“Whatever you do, think of the glory of God as your main goal.” St. John Bosco

Do you want to romanticize your life? Here’s a way to do it. It’s not the burden I once thought it might be. I was the burden. My pride, my striving, my need to produce worthwhile things for the fleeting praise I’d receive. I didn’t believe in a yoke being light. A yoke meant work and I was certain it had to be done one way. My way. The idea of bringing glory to anyone but me seemed disappointing. Yet the glory was short-lived, elusive and exhausting. I wasn’t even doing things I felt called to do.

"Come to Me, all you who labor and are heavy laden, and I will give you rest.  Take My yoke upon you and learn from Me, for I am gentle and lowly in heart, and you will find rest for your souls.  For My yoke is easy and My burden is light.” Matthew 11:28-30

When you are called to something, the suffering should not make you more and more miserable. You know those times when you decide to do the right thing and yet it doesn’t feel right to you at all? I’ve done that more times than I can count. Sometimes I would even convince myself that God had commanded me to do such and such a thing when he hadn’t said a word.


The feel of God’s yoke is the difference between feeling content in the flow and feeling miserably tired, frustrated and angry. I’ve tried putting mini horse harnesses on sheep. They just don’t like it. I’ve often ended up like my sheep when I’ve avoided what I’ve been put here to do. The things I’ve done that seemed more selfless sometimes have been the very worst things I could have done because my motives were wrong. Often the noble things I’ve picked for myself are carefully disguised ways to avoid the fear of creating something authentic — that might not please others or be any good at all.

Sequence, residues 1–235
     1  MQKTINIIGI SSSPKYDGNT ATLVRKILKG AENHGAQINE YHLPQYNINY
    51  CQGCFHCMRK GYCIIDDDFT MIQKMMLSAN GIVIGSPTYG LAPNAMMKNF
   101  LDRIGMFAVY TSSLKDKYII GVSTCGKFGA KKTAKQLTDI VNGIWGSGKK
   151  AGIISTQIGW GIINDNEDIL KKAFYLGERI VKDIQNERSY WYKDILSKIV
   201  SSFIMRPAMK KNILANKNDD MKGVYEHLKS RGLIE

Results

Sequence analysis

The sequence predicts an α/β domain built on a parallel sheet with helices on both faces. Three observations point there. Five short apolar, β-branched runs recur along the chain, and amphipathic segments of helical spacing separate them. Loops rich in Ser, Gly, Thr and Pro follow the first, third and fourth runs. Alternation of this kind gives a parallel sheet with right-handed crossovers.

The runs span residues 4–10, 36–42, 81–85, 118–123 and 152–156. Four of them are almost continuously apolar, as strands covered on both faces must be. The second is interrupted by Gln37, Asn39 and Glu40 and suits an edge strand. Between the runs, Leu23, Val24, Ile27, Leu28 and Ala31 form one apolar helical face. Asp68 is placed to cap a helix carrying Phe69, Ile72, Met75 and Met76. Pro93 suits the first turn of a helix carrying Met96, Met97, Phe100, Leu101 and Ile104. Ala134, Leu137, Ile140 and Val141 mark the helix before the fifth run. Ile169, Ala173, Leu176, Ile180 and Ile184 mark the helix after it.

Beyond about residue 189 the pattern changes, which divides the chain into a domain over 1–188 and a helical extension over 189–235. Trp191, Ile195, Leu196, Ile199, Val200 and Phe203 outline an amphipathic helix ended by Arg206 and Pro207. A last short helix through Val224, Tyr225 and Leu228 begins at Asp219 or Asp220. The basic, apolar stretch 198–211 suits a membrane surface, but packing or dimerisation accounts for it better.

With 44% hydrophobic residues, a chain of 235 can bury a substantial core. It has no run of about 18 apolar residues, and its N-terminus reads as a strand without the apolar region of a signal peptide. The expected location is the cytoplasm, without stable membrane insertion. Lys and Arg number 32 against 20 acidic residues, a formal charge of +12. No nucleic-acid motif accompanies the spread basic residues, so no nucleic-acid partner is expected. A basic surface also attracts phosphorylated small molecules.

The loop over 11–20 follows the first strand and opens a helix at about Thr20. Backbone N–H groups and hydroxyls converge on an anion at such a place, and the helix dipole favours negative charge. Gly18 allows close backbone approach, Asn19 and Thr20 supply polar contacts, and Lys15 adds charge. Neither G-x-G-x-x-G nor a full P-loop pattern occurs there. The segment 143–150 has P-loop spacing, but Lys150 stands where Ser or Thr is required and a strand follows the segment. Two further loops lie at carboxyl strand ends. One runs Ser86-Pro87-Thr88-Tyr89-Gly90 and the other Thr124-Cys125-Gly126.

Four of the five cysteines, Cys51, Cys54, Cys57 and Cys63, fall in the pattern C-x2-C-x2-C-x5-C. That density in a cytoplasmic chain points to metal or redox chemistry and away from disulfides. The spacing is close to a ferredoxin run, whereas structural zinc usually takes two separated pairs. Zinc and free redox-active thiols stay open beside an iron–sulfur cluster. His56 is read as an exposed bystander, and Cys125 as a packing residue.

The world needs people who are doing things for the glory of God. So often I’ve taken on tasks that are horrible as a way of doing penance for time spent creating things I love and enjoy. This inner exchange system has usually put me on the losing end of things. What’s worse is that there’s been no glory for anyone involved.


I could say I was trying to please God, but that’s a lie. I was afraid of being me. Afraid of being called selfish or lacking in talent. So I chose things that either impressed others or filled my days with drudgery. No one asked me to do this. Even on great days of peak creativity I sought to downplay the joy of following the call that had always been there.


Why do we do this to ourselves? Life on a micro scale, minus the news (which I’ve been fasting from) is pretty incredible today. September makes everything golden. There’s a breeze outside my window. The flower seeds I scattered with glorious abandon this spring are calling in the bees and Monarchs. I never put limits on scattering flower seeds. I don’t think of myself as a gardener so my ego stays put. The flowers bring glory to God not me. I love them. I don’t need them to reflect me at all.


I thought I had to make my creative call burdensome even after years of reading about the Pharisees! Bringing glory to God is taking those pictures because you love taking photos. It’s that page written because you love your characters the way God loves you. Oxen clearing fields of old tree stumps for the gentle farmer who knows just how to carve the right yoke and how to give the proper feed and encouragement are happy oxen.


Of course we all have a certain amount of drudgery in life, but I noticed today that without the added burdens I place on tasks, I can do them more effortlessly. I’ve realized that doing things you love with gratitude instead of fear and guilt brings the most glory to God.


How about you? I’d love to know if you have struggled with guilt as a creative Do you “even things out” by taking on more than you can handle? How do you get in God’s flow?